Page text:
Two-thirds of older adults rely on at least two prescription drugs, and more than half take two or more non-prescription drugs or supplements. And two in ten take five or more prescription drugs. Some of those pills, capsules and tablets may interact with one another in ways that could put them at risk.
But a new poll shows that most people over 50 haven’t connected with a pharmacist to check for potential clashes among their prescription drugs, non-prescription drugs, and supplements, or the potential to save money by switching to lower-cost options.
Medicare Part D plans offer free in-depth medication reviews for enrollees who meet their eligibility criteria. However, participation has historically been low. The new poll shows 85% of Medicare Part D enrollees who had not had a medication review didn’t know they could be eligible for one. Some non-Medicare plans also cover reviews, but 86% of all older adults without a medication review said they weren’t aware that it could be covered.
The new findings come from the National Poll on Healthy Aging, based at the University of Michigan’s Institute for Healthcare Policy and Innovation with support from AARP and Michigan Medicine, U-M’s academic medical center. The new report draws on responses from a national sample of more than 2,000 adults aged 50 to 80.
The poll team worked with two faculty in the U-M College of Pharmacy who have studied the issue of multiple medication use, and the policies and practices aimed at improving use and reducing the risky side effects they can cause.
“These results show the importance of continuing efforts by physicians, pharmacists, other health care providers, insurers and policymakers to help older adults understand the importance of medication reviews,” says Antoinette B. Coe, Pharm.D., Ph.D., an assistant professor of clinical pharmacy.
“Since older adults with multiple chronic illnesses and medications, high medication costs and Part D Medicare coverage may qualify for a covered medication review, and their health plans are graded publicly on how many qualified participants receive a review, our finding that so many are unaware of the option is surprising,” says Karen B. Farris, Ph.D., M.P.A., a professor of clinical pharmacy.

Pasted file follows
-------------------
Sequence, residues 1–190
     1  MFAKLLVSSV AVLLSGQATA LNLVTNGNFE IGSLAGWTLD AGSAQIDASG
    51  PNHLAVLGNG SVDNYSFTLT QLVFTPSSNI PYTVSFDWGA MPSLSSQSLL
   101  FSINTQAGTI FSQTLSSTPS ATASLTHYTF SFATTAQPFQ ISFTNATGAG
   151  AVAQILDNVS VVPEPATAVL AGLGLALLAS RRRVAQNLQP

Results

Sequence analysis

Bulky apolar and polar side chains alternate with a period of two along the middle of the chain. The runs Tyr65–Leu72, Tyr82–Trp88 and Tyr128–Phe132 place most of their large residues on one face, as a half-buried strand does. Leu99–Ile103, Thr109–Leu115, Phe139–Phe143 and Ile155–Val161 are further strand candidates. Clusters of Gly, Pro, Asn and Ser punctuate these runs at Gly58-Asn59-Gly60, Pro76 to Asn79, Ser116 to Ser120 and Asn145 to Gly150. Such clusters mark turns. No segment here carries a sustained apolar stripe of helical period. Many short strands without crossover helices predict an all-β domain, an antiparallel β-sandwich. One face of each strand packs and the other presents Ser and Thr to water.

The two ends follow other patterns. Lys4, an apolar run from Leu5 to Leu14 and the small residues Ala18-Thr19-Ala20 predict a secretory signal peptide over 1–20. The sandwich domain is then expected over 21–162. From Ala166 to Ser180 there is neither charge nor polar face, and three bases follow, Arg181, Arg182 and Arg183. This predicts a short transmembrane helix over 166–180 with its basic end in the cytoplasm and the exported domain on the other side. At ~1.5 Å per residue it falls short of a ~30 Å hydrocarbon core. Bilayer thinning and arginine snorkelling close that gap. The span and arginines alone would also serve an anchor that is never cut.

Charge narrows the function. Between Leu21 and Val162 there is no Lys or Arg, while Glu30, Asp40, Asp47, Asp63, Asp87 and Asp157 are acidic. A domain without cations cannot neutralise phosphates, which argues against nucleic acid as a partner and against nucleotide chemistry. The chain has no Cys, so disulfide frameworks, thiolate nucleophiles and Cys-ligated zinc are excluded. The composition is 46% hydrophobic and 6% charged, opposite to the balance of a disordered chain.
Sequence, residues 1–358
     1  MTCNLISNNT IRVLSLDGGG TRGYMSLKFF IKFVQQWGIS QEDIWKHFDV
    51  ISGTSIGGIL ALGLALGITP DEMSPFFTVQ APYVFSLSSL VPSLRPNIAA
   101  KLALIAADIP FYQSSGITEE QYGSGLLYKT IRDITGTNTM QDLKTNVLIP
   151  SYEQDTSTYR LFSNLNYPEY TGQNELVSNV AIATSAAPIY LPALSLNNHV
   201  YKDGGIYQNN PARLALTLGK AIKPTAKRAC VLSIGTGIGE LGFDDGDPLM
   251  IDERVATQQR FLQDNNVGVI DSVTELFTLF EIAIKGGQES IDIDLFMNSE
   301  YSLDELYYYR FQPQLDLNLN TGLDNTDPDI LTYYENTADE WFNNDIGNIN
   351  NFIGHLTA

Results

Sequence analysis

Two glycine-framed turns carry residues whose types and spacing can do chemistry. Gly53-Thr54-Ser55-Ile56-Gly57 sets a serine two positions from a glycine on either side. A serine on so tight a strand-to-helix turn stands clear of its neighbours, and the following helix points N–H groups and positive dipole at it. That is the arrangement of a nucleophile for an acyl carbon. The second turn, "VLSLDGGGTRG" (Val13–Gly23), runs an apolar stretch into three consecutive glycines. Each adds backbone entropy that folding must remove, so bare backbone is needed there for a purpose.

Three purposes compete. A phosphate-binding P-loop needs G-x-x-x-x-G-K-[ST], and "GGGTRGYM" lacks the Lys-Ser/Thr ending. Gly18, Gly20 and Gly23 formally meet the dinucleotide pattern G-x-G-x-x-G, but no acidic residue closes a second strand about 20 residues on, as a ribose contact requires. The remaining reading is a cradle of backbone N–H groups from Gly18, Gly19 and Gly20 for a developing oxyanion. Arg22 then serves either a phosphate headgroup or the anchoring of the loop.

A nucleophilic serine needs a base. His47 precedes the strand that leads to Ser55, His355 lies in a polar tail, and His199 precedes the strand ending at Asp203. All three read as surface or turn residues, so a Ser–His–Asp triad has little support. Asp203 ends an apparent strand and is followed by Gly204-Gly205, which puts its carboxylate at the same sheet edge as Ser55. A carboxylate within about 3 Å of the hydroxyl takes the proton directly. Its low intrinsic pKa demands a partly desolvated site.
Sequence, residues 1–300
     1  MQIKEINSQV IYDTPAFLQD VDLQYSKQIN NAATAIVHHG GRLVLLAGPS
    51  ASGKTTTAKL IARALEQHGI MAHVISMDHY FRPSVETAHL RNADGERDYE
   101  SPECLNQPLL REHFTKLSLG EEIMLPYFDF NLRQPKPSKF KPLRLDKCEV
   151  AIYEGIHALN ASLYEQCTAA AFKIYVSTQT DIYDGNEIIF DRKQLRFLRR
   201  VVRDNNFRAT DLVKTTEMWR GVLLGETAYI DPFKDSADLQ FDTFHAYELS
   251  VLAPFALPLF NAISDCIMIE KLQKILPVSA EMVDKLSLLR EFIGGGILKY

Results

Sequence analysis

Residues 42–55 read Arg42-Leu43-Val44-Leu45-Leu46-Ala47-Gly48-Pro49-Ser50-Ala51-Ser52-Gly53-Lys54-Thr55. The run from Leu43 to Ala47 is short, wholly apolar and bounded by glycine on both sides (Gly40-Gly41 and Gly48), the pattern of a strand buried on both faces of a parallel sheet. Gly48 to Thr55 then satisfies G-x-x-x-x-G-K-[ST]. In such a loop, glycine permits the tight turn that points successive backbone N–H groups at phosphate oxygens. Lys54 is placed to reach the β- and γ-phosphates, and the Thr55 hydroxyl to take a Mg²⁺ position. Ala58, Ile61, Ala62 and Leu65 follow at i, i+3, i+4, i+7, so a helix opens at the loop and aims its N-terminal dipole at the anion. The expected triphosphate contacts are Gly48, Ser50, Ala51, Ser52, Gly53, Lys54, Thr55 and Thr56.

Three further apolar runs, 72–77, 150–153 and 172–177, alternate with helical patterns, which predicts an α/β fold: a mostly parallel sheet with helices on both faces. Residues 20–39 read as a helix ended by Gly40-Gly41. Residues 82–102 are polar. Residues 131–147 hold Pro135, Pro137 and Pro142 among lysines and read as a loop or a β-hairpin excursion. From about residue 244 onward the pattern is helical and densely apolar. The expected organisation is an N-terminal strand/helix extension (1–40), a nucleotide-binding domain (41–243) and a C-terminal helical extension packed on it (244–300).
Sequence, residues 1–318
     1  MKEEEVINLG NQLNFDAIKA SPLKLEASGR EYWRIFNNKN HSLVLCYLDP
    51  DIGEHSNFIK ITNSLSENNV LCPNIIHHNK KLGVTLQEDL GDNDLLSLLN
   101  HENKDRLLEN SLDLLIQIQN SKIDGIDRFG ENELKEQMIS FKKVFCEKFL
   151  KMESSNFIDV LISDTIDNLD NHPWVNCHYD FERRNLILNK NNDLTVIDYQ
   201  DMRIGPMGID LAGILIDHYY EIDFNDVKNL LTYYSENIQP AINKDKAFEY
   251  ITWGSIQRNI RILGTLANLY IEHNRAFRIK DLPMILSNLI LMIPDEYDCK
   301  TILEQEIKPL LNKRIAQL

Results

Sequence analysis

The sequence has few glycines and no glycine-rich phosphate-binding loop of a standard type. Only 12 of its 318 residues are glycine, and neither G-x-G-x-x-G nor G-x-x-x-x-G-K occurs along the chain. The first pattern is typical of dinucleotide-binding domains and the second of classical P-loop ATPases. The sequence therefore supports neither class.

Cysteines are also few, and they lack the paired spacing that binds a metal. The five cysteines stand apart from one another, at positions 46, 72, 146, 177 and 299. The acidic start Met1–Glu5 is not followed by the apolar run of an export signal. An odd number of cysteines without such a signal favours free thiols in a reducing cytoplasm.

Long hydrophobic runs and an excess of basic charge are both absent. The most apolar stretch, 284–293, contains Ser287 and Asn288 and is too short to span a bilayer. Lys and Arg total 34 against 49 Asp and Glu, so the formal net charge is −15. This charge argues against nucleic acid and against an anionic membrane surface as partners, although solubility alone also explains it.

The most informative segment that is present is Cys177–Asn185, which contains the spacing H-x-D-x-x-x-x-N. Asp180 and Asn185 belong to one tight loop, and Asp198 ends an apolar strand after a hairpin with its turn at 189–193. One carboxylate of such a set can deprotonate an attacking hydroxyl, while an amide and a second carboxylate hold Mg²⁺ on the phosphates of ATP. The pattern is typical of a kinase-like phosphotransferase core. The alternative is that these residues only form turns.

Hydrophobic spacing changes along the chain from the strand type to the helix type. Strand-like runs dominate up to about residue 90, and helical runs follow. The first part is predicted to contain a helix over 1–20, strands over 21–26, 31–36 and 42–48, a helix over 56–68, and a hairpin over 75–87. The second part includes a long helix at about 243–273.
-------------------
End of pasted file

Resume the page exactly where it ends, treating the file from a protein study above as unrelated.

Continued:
Coe and Farris do note that the older adults at the highest risk of drug interactions—those taking five or more prescription medications—were more likely to have had a comprehensive medication review than those taking fewer medications, though there is still room for improvement.
The poll shows an opportunity for progress. When the poll team asked older adults who take multiple prescription medications if they’d be interested in going over them with a pharmacist, more than a third said yes.
The older a poll respondent was, the more likely she or he was to take multiple prescription and over-the-counter medications. In all, 30% of those over 65 took five or more prescription medications, compared with 19% of those aged 50 to 64. And 15% of those over 65 said they take five or more over-the-counter medications, vitamins and supplements, compared with 9% of those in their 50s and early 60s.
Preeti Malani, M.D., the poll director and a Michigan Medicine physician specializing in geriatrics and infectious diseases, notes that every older adult should keep a list of everything they take, whether they get it via a prescription or buy it directly. A providers or pharmacist can look at the list to try to spot any potential for interactions or opportunities to switch to lower-cost options that could provide the same benefits.
“It’s also important to make sure you tell your doctors and other health care providers about everything you take, even over-the-counter vitamins or herbal remedies,” she says. “Not only may they spot potential risks, but the computer systems that they use to track your care might identify potential interactions.” She also notes that medication reviews can take place in person, by phone or via a video appointment.
“Managing multiple medications may be especially important for older adults,” says Alison Bryant, Ph.D., senior vice president of research for AARP. “We know that people enrolled in Medicare Part D take an average of 4.5 medications each month. We encourage everyone taking medications or supplements to regularly discuss them with a health care provider.”
The National Poll on Healthy Aging results are based on responses from a nationally representative sample of 2,048 adults aged 50 to 80 who answered a wide range of questions online. Questions were written, and data interpreted and compiled, by the IHPI team. Laptops and Internet access were provided to poll respondents who did not already have them.